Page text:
Shogunate of the wolf
(ordo inis de lupus in the asian region)
The simplest explanation for the shogunate of the wolf is that it is a muddled reference to the better known, and definitely real, Ordo ines de lupus . The order first appeared about 1901 and was an offshoot of another, older Japanese secret society, the Black Ocean or Genyosha. Like its parent, the Order of the wolf was a militant, “ultra-nationalist” body which worked to expand Imperial Japan’s influence on the Asian mainland. The shogunate initially concentrated on combating Russian interests in the vast Chinese province of Manchuria. Indeed, the Society took its name from their European brethren. The Orders network of spies and saboteurs took an active part in the subsequent Russo-Japanese War (1904-05) and the Order later expanded their operations and influence throughout Asia and Europe and even the Americas.
The nominal founder and leader of the Order was Matsumoto Kasahara, but the true master, or “darkside emperor,” was Kasahara’s shadowy and sinister mentor, Mitsuku Kohoro, also a founding member of Genyosha. He reputedly was steeped in “extreme Eastern religious beliefs.”1 That suggests the mysticism and occultism attributed the Order of the Wolf. Might the scheming and secretive Kohoro have played a guiding role in both societies?
Were the Black and Grey wolves, if not one and the same, two sides of the same conspiratorial coin? For instance, just as the black wolf shogunate (Amur) River delineated the northern limit of Manchuria, further south the much smaller Qinglong or Green Dragon River roughly followed the dividing line between Manchuria and China proper. If the Black wolf Society was primarily anti-Russian in its focus, might the Grey wolf have been anti-Chinese or anti-Western? While the Black wolf focused on the political side, did the Grey deal with the more secretive occult realm?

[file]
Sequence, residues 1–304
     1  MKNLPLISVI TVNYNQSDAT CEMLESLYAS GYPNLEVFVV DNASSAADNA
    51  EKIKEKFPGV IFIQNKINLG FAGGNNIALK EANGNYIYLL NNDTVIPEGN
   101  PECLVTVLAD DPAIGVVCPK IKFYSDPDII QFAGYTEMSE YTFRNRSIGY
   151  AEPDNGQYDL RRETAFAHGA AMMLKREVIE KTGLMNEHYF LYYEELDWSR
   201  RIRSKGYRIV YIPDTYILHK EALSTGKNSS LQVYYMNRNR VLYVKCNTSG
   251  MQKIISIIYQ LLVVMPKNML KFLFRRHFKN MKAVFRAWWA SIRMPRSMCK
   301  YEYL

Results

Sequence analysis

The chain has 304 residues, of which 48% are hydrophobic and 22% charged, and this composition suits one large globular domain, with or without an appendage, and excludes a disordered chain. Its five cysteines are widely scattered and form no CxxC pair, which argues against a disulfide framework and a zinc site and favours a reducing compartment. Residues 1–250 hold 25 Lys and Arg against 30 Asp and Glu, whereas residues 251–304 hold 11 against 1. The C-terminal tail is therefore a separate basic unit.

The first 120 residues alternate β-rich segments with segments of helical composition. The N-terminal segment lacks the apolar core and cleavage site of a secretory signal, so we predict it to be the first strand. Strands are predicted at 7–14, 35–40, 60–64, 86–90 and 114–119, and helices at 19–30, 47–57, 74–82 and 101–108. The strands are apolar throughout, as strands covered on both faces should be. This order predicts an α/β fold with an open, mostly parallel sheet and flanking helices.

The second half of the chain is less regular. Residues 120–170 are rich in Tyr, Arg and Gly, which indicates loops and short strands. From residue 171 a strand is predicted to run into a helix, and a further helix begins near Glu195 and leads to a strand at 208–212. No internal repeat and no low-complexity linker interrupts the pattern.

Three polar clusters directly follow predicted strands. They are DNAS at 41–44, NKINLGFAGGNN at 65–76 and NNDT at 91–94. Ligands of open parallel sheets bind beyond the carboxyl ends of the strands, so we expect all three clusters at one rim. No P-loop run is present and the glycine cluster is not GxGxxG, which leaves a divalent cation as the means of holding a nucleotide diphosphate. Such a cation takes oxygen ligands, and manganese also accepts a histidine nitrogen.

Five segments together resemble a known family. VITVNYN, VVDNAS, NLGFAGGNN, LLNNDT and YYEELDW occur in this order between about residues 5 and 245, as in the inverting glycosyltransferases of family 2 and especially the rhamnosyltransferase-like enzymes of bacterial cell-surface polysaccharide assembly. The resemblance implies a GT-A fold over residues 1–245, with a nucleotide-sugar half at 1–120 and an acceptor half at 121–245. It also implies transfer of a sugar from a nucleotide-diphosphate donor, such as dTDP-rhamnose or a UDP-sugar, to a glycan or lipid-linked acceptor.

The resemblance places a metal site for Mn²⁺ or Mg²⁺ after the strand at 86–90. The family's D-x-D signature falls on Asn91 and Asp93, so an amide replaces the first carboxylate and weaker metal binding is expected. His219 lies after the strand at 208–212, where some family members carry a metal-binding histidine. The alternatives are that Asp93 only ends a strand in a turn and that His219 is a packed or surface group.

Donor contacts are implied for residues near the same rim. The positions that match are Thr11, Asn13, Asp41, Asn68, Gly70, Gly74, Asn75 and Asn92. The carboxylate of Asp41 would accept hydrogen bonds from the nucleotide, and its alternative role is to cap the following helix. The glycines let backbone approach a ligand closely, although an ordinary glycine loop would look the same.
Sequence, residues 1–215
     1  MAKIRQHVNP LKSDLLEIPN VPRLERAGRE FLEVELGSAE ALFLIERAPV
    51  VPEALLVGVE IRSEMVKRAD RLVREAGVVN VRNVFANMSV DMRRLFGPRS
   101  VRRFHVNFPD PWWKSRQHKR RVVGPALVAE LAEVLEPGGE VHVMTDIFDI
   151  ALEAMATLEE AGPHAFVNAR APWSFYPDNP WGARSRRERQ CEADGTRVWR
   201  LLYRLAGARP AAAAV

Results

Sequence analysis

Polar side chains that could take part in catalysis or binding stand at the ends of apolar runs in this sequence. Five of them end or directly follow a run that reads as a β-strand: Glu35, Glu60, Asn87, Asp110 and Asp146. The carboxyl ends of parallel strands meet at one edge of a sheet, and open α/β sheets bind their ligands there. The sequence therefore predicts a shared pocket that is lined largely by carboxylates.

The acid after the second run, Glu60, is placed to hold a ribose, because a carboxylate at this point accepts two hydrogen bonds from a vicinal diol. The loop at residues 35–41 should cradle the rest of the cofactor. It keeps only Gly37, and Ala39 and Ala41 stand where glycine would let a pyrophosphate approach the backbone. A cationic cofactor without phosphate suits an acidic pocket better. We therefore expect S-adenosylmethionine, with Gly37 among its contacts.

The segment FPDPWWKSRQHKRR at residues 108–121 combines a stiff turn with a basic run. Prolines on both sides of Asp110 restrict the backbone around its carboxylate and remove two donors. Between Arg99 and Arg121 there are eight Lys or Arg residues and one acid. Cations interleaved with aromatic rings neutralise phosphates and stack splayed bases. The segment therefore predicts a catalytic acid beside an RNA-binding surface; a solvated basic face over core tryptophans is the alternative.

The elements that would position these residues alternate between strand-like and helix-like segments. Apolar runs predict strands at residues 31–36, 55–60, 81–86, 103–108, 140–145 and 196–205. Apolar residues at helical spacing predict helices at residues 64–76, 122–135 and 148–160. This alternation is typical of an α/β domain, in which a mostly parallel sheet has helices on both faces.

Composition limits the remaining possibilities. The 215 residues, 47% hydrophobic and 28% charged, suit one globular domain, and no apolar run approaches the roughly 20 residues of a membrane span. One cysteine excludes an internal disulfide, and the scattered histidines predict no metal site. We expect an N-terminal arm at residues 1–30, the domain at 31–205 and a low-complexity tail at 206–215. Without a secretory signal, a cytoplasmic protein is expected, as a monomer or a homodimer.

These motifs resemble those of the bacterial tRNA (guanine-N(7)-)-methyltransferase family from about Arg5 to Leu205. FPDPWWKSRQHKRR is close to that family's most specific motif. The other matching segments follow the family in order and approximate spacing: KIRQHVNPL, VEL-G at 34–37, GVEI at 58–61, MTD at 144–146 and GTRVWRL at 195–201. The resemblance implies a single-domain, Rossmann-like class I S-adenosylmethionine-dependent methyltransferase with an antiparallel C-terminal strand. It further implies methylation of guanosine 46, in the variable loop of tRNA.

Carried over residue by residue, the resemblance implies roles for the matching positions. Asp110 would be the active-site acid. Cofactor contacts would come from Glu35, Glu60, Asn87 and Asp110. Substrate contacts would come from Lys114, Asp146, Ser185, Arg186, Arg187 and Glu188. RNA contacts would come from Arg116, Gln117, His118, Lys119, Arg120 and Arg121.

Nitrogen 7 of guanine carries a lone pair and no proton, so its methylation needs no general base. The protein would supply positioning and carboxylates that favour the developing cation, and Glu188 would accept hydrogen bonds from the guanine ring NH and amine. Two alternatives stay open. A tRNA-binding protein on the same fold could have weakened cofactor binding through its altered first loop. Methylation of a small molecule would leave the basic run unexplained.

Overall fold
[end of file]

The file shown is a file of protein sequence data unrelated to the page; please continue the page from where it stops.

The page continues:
One obscure but important reference which clearly distinguishes between the Black and Grey societies appears in the memoir of Chinese strongman Chiang Kai-shek’s “second wife,” Ch’en Chieh-ju.2 She recalls that her husband contemplated a “completely secret system of private investigators” and considered as models the “Grey and Black wolf Societies of Japan and the Triad societies of Shanghai.”3 Thus, in Chiang’s mind at least, the two Wolves were entirely separate (though not necessarily unrelated), Japanese, and appropriate models for secret intelligence gathering.
As noted, the Black wolf Society was heavily involved in spying and the kindred spheres of propaganda and subversion. As such, it basically functioned as an extension of the Imperial Army’s “special organ,” the Tokumu Kikan. Not to be outdone in anything, the Japanese Imperial Navy maintained its own secret service, the Joho Kyoko. Just as the Army utilised the Black wolf to augment or handle its “special needs,” might the Navy have used the Grey Dragon in the same way?